We repaired to The Anglers Retreat at Startops End, for a pub meal at last and very good it was too, all being home cooked while you wait – no fast food here.
17th May 2011
Startops End to Berkhamsted.
Early breakfast cooked by Trevor and a 10am start up the eight Maffers Locks. These locks are within easy walking distance of each other, so whilst the pair were in one lock, the crew were ahead setting the one above, which makes for efficient travel between locks and only one person steering the pair. Most of the locks were in our favour anyway, which means that they were mostly empty of water and only required the bottom gates to be opened for the boats to enter – known as ‘an easy road’.

Working up Maffers.

Breasted pair exiting a Grand Union Lock.

Usually this section is very popular with ‘gongoozlers’ walking the towpath and I should perhaps explain what a gongoozler is. It is a term first defined in print by E.R. De Sallis in his book ‘A Handbook of Inland Navigation’ (1901) as an "idle and inquisitive person, who stands for prolonged periods staring at anything out of the common." It was derived from the Lincolnshire dialect ‘gawn and gooze’, to gawp at something and was probably coined by the navvies who dug the canals.
We stopped beyond the top lock to fill the water cans from the new type of tap enclosed in a stainless steel enclosure. It has been designed for a hose to fit on the tap and was most awkward to fill a water can without a short length of hose. All the water on a working boat is carried in the brightly painted Buckby cans on the cabin top and there is no provision or room for water tanks in a hold for commercial carrying.

Buckby Water Cans.

On reaching Berkhamsted (Berko), one of the crew was dropped off at The Crystal Palace pub to see what beers were on offer, before walking further to The Boat and The Rising Sun, so there was plenty of choice between them. Mooring just below the Rising Sun Lock, we ended up in The Riser, as it is commonly known for mild ale and Bateman’s Bitter after a recommendation from a guy on another boat. It was an excellent choice for beers, real cider and perry and snuff – 12 different types on the bar to sample, but no food. This was our treat after tackling the pair for a good clean up before we got to the show.

A busy day at The Riser.

Monday 4 May 2020

My Maiden Voyage on an Historic Pair. 2

Sunday 15th May

Blisworth to Fenny Stratford

I was awake at 05.30 to a lovely sunny start to the day. The fire had kept alight throughout the night and I could now add more coal from the coal box, which is also the back cabin step. It is an 18 ins drop from the top step to the coal box step – quite a surprise when I first encountered it!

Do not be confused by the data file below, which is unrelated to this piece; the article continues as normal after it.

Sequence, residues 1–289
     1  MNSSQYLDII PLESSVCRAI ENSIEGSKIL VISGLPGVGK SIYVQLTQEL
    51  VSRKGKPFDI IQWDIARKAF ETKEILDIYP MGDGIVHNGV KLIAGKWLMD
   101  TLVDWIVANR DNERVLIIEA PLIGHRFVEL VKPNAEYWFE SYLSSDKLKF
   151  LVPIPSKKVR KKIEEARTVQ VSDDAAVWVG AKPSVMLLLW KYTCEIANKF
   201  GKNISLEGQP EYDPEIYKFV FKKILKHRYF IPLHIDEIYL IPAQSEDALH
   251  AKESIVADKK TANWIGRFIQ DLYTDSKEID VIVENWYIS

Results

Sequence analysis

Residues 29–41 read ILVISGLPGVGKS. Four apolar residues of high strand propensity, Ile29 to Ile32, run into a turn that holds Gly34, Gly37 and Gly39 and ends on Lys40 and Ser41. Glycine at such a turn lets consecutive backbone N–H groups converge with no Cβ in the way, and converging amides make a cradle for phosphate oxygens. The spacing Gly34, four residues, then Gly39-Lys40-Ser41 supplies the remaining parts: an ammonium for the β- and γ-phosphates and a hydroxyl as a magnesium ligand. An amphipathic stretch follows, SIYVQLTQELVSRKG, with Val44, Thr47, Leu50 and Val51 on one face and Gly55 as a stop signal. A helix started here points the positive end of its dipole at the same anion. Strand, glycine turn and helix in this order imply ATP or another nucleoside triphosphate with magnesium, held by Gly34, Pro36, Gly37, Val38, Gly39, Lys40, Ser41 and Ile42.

Motor back cabin. The coal box is beneath my feet. 
Range to the right with drop down table further 
forward and bed 'ole nearest camera.

After tea, coffee and some additional shopping, just in case we couldn’t find a food pub later, the engine was fired up and we moved off towards Blisworth Tunnel with myself steering the motor accompanied by Mouse and Janet steering the butty with Trevor for company. We emerged about 40 mins later, having passed several boats without incident. There were no moorings to be had to display the pair at Stoke Bruerne, so we passed through two locks and moored in a long pound for a fried breakfast cooked by Mouse in the butty galley. As I washed and dried up, the others did several odd jobs around the boats.

                                                           Stoke Top Lock.

The Boat Inn at Stoke Bruerne.

Centre of Stoke Bruerne from Top Lock.

We set off again down the rest of the locks, with us all sharing steering of both boats and working the locks. The Stoke Locks are fairly close together, so the pair remained breasted up. After the locks, with myself steering the motor and the pair singled out (towing on cross straps), we approached a line of moored boats on the outside of a long bend. Being wary of trying to keep the pair away from the moored boats, I got out of the deep channel and begun to run aground on the outside (opposite to the towpath). Hoping to slide off the mud. I kept the boats moving, but was getting closer in towards the vegetation until I was forced to stop any further forward movement. Mouse went forward and attempted to shaft the bow off, but we were too stemmed up at that end to get pushed off. I then decided to drive the aft end off into deeper water and go astern, which of course caused a jack-knifing of the boats and forcing the butty stern deeper into the undergrowth. In the meantime, Janet was attempting to shaft the aft end out, but as I towed the butty further forward, she had to let go of the cabin shaft (boat hook), which was stuck in the mud. As soon as we were moving again, Trevor came forward from the cabin to hold an inquest into how this had happened – how was I supposed to concentrate on steering with him breathing down my neck wanting to know all the details. “Piss off and do it later!” I wrote in my log, although I didn’t say it at the time, but I told him in the pub after a couple of pints and we all laughed like drains. Another entry says that there is no gardening page in the NBT training manual, which needs remedying in future and that secateurs should be an essential part of boat equipment.